When you’re done, you have a set of valid segments that you can nurture by their specific title and need, using content progressively mapped to their stage in the buyer’s journey.

mapping content to segments

Thanks for this slide go to Keith Holloway of One Degree, central gathering place for Canadian Online Marketers.

Note: You and your sales team have to agree on interim steps and the final plan, or else you’ll be working to get leads that aren’t right, by sales’ definition, and the sales team may ignore them or push them back to you.

2. Scoring

79% of B2B marketers have not established lead scoring. (Source: MarketingSherpa)

Lead scoring is the practice of applying a numerical value – a score – to some characteristic or behavior a lead exhibits. You and your sales counterparts have already gone through the exercise of getting to know your buyer and their journey, so you’ve got a pretty good handle on what should be scored.

Most scoring systems use ranking criteria that fall into two categories:

  • Demographic/firmographic: What individual traits define your ideal customer? This may include a lead’s job title and department, as well as their company’s size, revenue and industry focus.
  •  Behavioral: What sort of “online body language” does a prospect exhibit? Examples include website visits, responses to email offers, marketing content downloads, and a willingness to complete online registration forms.

BANT (budget, authority, need and timing) are frequently scored together, as these quickly indicate a true buying cycle.

So, give high scores to the strong factors that indicate sales likelihood, lower scores to the less-strong factors, and zero to most of them. Don’t be afraid to use negative scoring. For example, you don’t want to treat a job seeker the same way as a potential buyer; you might score page visits to your careers page as a zero or negative.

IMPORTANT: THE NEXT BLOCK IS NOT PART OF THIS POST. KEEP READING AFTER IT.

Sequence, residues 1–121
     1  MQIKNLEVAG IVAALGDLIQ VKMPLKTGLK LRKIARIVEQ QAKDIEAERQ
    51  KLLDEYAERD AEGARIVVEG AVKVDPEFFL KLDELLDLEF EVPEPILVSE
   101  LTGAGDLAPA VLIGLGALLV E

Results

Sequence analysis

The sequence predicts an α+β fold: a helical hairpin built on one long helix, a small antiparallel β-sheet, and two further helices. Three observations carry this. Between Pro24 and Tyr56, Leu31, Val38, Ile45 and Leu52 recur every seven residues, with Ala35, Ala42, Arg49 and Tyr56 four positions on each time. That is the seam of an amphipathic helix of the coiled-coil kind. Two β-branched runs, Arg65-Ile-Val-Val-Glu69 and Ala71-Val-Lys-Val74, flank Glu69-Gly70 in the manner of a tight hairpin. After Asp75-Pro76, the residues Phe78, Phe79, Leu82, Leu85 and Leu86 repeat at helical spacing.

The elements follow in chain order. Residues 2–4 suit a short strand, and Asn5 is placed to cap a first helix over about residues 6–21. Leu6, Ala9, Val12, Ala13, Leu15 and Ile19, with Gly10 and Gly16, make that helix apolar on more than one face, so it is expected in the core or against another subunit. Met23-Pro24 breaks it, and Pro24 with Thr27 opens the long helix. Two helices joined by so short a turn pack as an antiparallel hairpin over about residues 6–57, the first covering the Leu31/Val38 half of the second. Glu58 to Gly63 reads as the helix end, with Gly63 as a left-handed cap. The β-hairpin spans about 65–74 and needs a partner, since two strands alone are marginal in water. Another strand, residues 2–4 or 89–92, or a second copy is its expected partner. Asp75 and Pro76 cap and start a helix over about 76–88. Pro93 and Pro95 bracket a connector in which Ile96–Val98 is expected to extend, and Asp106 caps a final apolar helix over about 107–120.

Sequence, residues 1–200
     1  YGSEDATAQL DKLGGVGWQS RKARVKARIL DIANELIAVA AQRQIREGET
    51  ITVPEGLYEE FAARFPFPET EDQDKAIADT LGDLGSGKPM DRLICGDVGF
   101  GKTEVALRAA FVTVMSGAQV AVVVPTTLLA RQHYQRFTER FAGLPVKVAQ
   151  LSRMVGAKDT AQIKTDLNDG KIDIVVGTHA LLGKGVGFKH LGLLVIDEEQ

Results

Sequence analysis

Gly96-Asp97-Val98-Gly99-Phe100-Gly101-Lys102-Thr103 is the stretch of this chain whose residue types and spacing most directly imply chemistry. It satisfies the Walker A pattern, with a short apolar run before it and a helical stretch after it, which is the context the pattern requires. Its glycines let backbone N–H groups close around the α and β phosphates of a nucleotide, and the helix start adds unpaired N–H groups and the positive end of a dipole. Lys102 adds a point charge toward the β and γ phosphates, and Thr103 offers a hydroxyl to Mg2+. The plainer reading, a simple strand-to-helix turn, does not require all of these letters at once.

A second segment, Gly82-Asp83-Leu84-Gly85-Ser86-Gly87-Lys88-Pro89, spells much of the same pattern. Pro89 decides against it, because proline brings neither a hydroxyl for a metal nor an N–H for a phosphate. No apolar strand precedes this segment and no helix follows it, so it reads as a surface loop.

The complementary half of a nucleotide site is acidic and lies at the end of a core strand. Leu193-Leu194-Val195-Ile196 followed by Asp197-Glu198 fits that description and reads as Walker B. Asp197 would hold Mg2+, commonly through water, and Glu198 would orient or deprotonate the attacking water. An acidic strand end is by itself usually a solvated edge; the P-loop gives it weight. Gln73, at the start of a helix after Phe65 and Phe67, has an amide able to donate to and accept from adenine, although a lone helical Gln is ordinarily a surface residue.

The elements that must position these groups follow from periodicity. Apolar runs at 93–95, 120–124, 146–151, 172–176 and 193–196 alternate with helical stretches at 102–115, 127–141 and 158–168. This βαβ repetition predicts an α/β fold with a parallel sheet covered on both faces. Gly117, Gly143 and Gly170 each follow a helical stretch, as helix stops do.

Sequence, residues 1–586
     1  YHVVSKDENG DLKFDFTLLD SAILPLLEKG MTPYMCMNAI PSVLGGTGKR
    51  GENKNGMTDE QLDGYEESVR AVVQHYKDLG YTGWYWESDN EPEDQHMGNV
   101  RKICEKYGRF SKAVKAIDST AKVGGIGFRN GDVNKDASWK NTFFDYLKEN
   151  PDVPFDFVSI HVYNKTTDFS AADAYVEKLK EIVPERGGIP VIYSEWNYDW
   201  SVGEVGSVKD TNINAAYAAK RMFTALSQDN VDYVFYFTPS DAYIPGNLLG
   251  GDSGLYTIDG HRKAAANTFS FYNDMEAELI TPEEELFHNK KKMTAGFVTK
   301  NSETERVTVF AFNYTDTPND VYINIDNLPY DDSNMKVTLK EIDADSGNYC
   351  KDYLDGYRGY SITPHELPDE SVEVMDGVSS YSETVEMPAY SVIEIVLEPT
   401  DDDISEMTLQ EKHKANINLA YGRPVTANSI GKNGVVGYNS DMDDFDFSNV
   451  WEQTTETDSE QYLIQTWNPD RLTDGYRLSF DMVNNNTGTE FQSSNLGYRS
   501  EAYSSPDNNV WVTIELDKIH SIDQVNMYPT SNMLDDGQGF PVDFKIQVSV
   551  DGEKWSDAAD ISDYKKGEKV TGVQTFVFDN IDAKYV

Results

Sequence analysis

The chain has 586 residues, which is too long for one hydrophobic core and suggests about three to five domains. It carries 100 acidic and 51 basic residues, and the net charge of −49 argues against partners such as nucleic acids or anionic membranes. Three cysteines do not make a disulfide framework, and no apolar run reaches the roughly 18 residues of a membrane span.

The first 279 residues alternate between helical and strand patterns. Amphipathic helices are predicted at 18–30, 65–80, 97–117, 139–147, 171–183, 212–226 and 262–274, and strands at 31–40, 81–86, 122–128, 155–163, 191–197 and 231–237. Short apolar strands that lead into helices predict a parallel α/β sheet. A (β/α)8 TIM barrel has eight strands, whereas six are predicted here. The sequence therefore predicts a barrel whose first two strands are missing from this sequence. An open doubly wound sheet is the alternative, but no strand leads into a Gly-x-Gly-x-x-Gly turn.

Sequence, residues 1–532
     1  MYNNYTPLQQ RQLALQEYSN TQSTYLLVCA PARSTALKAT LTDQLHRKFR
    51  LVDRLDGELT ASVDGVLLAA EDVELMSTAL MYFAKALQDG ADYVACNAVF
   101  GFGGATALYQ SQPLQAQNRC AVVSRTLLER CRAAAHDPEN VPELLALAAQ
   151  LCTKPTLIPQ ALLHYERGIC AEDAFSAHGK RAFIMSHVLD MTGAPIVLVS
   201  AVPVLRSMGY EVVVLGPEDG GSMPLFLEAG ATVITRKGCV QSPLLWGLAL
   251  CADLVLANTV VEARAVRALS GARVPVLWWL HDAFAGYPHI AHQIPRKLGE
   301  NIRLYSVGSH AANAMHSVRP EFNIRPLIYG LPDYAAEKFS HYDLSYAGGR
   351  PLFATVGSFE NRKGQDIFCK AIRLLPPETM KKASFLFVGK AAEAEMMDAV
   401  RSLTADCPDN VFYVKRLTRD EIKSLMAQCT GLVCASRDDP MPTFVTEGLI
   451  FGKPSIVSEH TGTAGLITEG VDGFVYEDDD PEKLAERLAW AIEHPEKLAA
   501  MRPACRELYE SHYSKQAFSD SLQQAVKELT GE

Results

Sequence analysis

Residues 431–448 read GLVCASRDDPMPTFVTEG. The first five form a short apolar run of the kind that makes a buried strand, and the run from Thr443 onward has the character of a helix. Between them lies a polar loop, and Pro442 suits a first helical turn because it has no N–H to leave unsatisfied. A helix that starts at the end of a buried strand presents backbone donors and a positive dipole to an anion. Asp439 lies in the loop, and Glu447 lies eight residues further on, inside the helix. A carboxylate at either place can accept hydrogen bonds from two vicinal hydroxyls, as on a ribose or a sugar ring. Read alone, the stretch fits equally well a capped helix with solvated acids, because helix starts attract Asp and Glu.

Most marketing automation systems can be set up to deliver leads that cross some scoring threshold right to sales, with accompanying information about why the lead is worth someone’s personal attention now.

lead scoring

3. Automated programs make nurturing easier

Nurtured leads make 47% larger purchases than non-nurtured leads. (Source: The Annuitas Group) 

Automation is not a substitute for process; successful marketers spend plenty of time planning, strategizing, and testing hypotheses before committing to a process. But once the process is defined and signed off on, you’re going to need marketing automation.

Henry Ford changed automobile production when he automated the factory, making cars cheaper, faster, and better. Marketing automation does the same thing for your nurturing programs, except you can tinker with them on the fly.

  • Set up your nurturing process as an automated program
  • You can set your program so as new leads come in, they enter your program’s beginning step via data synchronizations
  • As the program begins nurturing leads, the leads gather scores for engaging with you or your content assets. You can set an automatic handover to sales for leads that hit a certain threshold for qualification.
  • Be patient; companies with long or complex sales cycles also have long nurture cycles.

nurture automationStart with a very simple program, like Program 1. Test your way to more complexity, but always keep it as simple as possible. Resist the temptation to add more conditions and steps unless you are sure they’ll provide a benefit.